Pleasanton's Firehouse to present "South Pacific's" timeless
interracial love story
By Lou Fancher
The Pulitzer and Tony Award-winning 1949 Rodgers and Hammerstein musical "South Pacific" is salty and sweet.
Salt's crisp and preserving properties arrive in the classic show's eternal social themes including racism, war and love's rewards and sacrifices. Sweetness infuses the score, which soars from simple ensemble unisons to hummable, well-known ballads and other songs including "Some Enchanted Evening," "I'm Gonna Wash That Man Right Outta My Hair," "Younger than Springtime" and "I'm in Love with a Wonderful Guy."
The tantalizing combination based on Pulitzer Prize-winning novelist James A. Michener's, "Tales of the South Pacific" and the stage adaptation/book by Oscar Hammerstein and Joshua Logan will be presented Saturday through Nov. 22 by Pacific Coast Repertory Theatre at Pleasanton's Firehouse Arts Center.Audiences have long flocked to the work -- on the Broadway stage in an original production that won 10 Tony Awards, including all four acting awards in 1950, and in theaters and on television, with a 1958 film, a 2001 television adaptation and theatrical tours and revivals.
Set on an island in the South Pacific during World War II, characters from Michener's collection of short stories published in 1947 shed their independence from each other to amalgamate in a story about an American nurse who falls in love with a French expat plantation owner who has two mixed-race children. A second romance between a U.S. Navy lieutenant and an island native introduces parallel cultural and racial complexities. Tragically broken hearts, heroism and one death add high drama and an operatic air to the production. Issues of race and acceptance -- or lack thereof -- make the show particularly relevant for contemporary audiences."I've loved this show forever," says Joy Sherratt, Pacific Coast Rep's co-founder and the show's director and choreographer.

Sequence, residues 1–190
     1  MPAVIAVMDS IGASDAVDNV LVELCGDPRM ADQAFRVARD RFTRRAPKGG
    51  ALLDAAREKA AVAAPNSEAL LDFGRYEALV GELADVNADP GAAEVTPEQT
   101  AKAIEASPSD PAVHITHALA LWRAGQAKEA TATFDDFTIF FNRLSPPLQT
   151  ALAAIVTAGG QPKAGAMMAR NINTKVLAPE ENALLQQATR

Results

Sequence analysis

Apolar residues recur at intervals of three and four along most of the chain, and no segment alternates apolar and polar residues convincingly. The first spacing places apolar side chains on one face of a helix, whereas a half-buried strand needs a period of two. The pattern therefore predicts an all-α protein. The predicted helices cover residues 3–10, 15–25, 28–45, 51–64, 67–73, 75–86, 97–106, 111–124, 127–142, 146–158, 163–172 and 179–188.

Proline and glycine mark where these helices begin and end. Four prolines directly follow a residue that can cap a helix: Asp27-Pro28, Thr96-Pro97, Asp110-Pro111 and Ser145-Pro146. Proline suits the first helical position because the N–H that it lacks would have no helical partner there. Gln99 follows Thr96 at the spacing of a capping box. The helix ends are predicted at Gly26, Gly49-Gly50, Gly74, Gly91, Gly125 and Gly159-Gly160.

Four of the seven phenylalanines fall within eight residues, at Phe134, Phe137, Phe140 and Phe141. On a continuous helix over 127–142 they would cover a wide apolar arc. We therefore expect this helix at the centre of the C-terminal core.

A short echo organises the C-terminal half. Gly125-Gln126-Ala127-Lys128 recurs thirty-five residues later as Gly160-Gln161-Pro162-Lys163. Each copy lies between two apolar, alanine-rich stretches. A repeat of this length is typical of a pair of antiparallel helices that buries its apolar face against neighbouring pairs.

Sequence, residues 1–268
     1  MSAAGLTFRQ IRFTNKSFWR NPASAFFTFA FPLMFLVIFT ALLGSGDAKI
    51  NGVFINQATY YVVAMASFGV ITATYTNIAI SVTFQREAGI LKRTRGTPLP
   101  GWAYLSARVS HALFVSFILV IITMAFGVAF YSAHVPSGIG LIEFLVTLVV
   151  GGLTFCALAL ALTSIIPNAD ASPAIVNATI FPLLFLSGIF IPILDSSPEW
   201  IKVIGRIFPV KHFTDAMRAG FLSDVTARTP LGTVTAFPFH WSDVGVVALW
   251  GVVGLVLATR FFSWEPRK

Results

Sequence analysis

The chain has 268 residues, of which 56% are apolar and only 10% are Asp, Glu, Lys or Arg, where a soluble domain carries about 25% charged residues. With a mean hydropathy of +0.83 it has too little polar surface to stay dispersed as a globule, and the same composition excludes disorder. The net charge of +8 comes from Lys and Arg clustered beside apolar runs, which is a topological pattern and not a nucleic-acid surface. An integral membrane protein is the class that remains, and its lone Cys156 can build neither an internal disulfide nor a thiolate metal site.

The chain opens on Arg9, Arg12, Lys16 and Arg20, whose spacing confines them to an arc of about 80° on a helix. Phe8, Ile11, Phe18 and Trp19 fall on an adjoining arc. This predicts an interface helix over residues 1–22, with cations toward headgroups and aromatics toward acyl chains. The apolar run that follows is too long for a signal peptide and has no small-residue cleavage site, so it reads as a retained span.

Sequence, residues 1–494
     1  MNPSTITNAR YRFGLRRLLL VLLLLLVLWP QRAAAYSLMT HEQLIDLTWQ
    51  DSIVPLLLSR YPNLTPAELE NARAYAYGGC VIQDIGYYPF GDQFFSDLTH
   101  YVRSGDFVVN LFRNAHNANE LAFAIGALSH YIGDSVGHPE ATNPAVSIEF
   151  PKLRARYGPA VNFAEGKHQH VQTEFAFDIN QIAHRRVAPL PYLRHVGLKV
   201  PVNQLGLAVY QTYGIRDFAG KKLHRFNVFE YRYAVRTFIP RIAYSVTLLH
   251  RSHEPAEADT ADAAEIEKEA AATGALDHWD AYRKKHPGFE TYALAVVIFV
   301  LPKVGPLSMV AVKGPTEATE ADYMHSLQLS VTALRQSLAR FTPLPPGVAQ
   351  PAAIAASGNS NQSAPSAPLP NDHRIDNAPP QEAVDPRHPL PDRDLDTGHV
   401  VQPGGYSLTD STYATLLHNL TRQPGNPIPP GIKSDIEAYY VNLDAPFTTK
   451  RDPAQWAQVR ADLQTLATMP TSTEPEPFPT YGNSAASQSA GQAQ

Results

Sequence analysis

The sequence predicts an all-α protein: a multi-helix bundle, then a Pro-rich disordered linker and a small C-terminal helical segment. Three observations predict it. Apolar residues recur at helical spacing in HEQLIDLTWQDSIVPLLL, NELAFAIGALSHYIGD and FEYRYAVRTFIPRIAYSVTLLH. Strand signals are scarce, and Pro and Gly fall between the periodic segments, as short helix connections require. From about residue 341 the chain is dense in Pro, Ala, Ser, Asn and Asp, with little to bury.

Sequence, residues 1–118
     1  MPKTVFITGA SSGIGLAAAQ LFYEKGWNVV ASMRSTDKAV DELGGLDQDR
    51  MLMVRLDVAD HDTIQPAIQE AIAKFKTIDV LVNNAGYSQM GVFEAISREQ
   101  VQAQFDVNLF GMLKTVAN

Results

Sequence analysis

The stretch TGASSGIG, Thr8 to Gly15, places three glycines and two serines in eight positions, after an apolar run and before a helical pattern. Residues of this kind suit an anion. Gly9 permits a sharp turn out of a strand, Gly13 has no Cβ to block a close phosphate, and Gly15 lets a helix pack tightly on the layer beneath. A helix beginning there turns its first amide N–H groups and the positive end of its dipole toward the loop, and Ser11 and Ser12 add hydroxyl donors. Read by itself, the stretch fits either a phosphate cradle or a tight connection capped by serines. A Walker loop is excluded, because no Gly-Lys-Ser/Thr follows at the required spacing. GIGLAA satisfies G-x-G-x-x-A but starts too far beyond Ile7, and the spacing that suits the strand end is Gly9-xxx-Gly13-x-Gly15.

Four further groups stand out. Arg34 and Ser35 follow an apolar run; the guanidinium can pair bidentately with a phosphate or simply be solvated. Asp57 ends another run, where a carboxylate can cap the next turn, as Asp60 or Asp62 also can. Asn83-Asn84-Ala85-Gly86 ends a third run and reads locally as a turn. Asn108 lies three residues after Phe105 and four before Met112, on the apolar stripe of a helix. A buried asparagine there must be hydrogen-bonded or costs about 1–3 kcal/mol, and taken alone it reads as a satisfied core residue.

I've been singing 'Wonderful Guy' since seventh grade," she says. "I saw the Broadway revival performed and loved that it was simplistic. There was no huge set. But directing it now, I try not to look at other productions that have been done."
Even so, the streamlined approach she admired and the Firehouse's small stage are perfect partners influencing her approach to design and choreography. Working with scenic designer Pat Brandon and lighting designer Mike Oesch, she says, "You have to think of movement and the visual concepts as fluid."
Much of the choreography involves artfully moving the sets to avoid blackouts and pauses between scene changes.
"We can't fly in set pieces, so we create a sense of defined space through movement and lighting," she says.
Believing that the original characterizations are central to the production, Sherratt asked the actors to read chapters of Michener's book that are vital to their roles. With the novel as background, she says the cast's honest approach prevents characters who burst into song and dance from seeming forced or contrived.
"We're telling a real story, not just scratching the surface. I tell the actors they sing because talking isn't enough. They dance because what they're feeling can't be verbalized or told with words alone."
"South Pacific" has multiple journeys and climaxes, but Sherratt says the pinnacle for her is an Act II scene that brings the undercurrents of prejudice to a peak when two lovers can't bridge the racial divide to overcome prejudice despite their love for each other.
"What do we value? What are our values? The scene's only a minute or so long, but it's powerful," says Sherratt.
Contemporary society doesn't have the luxury of falling into lush harmonies instead of shouting or pirouetting instead of rioting. If it did, perhaps people would find peace, discard judgment and get along. Provided an opportunity to "get it right the second time," maybe people could break free from patterns of racism, and we could all begin to feel like life is a tropical island escapade.